New research shows that more than three million primary care hours are spent on skin conditions, at a cost to the NHS of £723 million each year.
The research, carried out by the Association of the British Pharmaceutical Industry in collaboration with an independent Dermatology Expert Working Group (EWG), highlights the burden of skin conditions on both patients and the NHS.
According to the findings, around 13.2 million people in England visited their GP with a skin problem in 2016, of which 85 percent said the psychosocial aspects of their condition were a significant part of their illness.
The research also showed that almost 60 percent of patients with severe psoriasis could lose up to 26 days of work a year because of their skin condition.
“Today’s findings bring into sharp focus the staggering amount of time and money the NHS spends on the management of skin conditions in primary care and the significant impact skin conditions can have on people’s lives,” said EQG chair Rt Hon Professor Paul Burstow.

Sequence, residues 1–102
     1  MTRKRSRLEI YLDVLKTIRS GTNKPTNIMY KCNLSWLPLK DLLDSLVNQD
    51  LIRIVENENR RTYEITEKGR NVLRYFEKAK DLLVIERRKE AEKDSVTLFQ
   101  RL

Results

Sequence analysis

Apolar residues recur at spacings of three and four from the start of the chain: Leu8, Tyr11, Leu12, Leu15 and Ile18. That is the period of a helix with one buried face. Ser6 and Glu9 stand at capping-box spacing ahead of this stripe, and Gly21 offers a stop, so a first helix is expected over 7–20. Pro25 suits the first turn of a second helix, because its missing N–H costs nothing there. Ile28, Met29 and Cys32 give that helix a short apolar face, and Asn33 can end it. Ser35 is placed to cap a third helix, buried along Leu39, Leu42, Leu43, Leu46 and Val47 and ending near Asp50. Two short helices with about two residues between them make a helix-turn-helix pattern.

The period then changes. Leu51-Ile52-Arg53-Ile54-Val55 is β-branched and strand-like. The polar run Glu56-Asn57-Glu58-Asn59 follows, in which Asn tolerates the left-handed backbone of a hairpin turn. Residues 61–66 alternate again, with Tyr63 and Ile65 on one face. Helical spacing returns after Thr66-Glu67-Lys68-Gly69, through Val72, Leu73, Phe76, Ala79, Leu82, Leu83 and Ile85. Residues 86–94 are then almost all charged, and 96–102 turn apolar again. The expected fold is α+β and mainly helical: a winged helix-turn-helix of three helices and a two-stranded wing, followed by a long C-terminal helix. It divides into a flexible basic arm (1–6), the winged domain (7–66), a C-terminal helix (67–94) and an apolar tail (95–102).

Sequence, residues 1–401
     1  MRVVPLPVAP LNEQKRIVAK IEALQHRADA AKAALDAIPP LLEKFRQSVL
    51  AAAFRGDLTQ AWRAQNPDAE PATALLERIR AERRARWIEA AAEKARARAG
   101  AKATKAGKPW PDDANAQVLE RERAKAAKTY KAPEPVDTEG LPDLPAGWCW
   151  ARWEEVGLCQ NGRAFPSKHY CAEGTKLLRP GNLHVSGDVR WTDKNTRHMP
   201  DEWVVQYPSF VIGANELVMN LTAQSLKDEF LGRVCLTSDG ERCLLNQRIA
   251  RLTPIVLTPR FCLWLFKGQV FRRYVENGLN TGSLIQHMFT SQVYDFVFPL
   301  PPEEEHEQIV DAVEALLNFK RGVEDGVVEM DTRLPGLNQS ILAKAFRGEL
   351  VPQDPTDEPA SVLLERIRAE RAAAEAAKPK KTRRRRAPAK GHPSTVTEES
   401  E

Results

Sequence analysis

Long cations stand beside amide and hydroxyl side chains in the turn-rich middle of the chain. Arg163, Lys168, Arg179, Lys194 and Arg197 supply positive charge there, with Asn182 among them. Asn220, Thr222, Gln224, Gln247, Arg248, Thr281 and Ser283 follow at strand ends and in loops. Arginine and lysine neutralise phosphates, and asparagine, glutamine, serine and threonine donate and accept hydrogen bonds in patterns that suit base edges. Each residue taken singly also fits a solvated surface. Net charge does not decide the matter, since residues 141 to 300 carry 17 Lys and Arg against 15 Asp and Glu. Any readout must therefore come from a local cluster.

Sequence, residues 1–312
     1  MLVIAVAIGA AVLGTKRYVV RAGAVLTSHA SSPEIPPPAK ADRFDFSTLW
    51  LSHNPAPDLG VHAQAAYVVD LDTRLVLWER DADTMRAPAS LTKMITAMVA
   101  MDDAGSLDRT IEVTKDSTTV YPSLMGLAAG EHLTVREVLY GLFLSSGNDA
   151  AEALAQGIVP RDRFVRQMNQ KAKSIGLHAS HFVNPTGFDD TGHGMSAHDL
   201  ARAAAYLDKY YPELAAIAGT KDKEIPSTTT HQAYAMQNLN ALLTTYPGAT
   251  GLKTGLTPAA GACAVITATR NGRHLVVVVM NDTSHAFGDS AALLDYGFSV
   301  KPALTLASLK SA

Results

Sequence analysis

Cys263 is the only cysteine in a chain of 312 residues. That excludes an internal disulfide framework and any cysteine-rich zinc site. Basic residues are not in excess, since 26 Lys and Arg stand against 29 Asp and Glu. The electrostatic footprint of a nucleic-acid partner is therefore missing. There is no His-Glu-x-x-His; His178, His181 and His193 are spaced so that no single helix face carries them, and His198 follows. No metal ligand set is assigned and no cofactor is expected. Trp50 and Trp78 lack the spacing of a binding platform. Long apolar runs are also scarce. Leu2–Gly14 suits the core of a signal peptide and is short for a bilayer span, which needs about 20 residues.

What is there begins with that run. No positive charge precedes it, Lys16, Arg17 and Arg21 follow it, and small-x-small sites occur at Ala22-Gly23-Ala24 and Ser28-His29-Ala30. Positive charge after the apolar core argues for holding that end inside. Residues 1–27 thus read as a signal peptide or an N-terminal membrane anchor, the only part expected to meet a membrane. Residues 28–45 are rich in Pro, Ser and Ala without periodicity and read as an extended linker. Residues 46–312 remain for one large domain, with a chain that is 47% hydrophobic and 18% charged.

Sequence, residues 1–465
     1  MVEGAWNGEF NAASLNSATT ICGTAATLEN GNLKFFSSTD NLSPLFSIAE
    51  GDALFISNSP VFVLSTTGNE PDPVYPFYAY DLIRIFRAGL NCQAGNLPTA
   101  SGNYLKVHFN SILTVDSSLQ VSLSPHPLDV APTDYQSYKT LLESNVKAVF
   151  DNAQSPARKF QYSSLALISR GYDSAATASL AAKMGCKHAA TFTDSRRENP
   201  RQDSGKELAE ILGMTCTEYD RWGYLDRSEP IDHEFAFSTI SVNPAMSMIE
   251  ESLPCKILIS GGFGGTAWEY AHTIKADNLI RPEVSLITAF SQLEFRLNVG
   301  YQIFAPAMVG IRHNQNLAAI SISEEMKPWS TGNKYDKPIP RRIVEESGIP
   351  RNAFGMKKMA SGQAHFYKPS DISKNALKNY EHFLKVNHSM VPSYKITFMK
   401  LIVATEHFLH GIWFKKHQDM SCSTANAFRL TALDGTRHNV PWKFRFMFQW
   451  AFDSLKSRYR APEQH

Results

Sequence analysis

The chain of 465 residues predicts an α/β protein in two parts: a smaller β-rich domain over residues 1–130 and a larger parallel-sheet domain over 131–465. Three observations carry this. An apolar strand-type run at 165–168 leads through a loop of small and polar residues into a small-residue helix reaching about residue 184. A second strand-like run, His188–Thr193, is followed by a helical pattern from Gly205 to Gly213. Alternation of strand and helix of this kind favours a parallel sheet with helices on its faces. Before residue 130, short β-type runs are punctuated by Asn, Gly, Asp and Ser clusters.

“Ignore dermatology and we miss a huge opportunity to make real and immediate gains for the NHS and for people’s quality of life.”
The group’s report, Making real our shared vision for the NHS: optimising the treatment and care of people with long-term skin conditions in England, makes a stream of recommendations designed to drive efficiencies and improve patient outcomes.
It calls on NHS England to promote and support successful self-management through patient education programmes for specific long-term skin conditions, led by suitably trained healthcare professionals (HCPs), as well as promote promote and incentivise the adoption of technology such as email guidance and smartphone apps.
NHS England should also put in place suitable incentives to encourage commissioners to implement teledermatology pathways to triage patients with skin lesions appropriately and free up face-to-face time for clinicians to see patients with inflammatory skin conditions, it said.